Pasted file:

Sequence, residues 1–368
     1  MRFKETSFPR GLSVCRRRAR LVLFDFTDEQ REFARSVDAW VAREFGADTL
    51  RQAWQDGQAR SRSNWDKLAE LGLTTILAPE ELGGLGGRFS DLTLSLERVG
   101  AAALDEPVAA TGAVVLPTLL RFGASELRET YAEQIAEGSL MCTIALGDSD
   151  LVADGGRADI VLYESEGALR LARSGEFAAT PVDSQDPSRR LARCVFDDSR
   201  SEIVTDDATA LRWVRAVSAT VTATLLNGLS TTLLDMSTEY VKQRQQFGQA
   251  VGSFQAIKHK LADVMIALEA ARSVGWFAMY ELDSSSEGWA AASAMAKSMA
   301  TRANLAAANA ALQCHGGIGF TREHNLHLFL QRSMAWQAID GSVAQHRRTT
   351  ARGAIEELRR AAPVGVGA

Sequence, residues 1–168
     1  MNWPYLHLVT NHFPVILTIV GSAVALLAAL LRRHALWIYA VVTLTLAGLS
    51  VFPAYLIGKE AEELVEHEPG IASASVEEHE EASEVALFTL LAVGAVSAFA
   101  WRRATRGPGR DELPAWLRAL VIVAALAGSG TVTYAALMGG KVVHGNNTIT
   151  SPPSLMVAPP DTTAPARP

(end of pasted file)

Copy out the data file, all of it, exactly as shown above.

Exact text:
Sequence, residues 1–368
     1  MRFKETSFPR GLSVCRRRAR LVLFDFTDEQ REFARSVDAW VAREFGADTL
    51  RQAWQDGQAR SRSNWDKLAE LGLTTILAPE ELGGLGGRFS DLTLSLERVG
   101  AAALDEPVAA TGAVVLPTLL RFGASELRET YAEQIAEGSL MCTIALGDSD
   151  LVADGGRADI VLYESEGALR LARSGEFAAT PVDSQDPSRR LARCVFDDSR
   201  SEIVTDDATA LRWVRAVSAT VTATLLNGLS TTLLDMSTEY VKQRQQFGQA
   251  VGSFQAIKHK LADVMIALEA ARSVGWFAMY ELDSSSEGWA AASAMAKSMA
   301  TRANLAAANA ALQCHGGIGF TREHNLHLFL QRSMAWQAID GSVAQHRRTT
   351  ARGAIEELRR AAPVGVGA

Sequence, residues 1–168
     1  MNWPYLHLVT NHFPVILTIV GSAVALLAAL LRRHALWIYA VVTLTLAGLS
    51  VFPAYLIGKE AEELVEHEPG IASASVEEHE EASEVALFTL LAVGAVSAFA
   101  WRRATRGPGR DELPAWLRAL VIVAALAGSG TVTYAALMGG KVVHGNNTIT
   151  SPPSLMVAPP DTTAPARP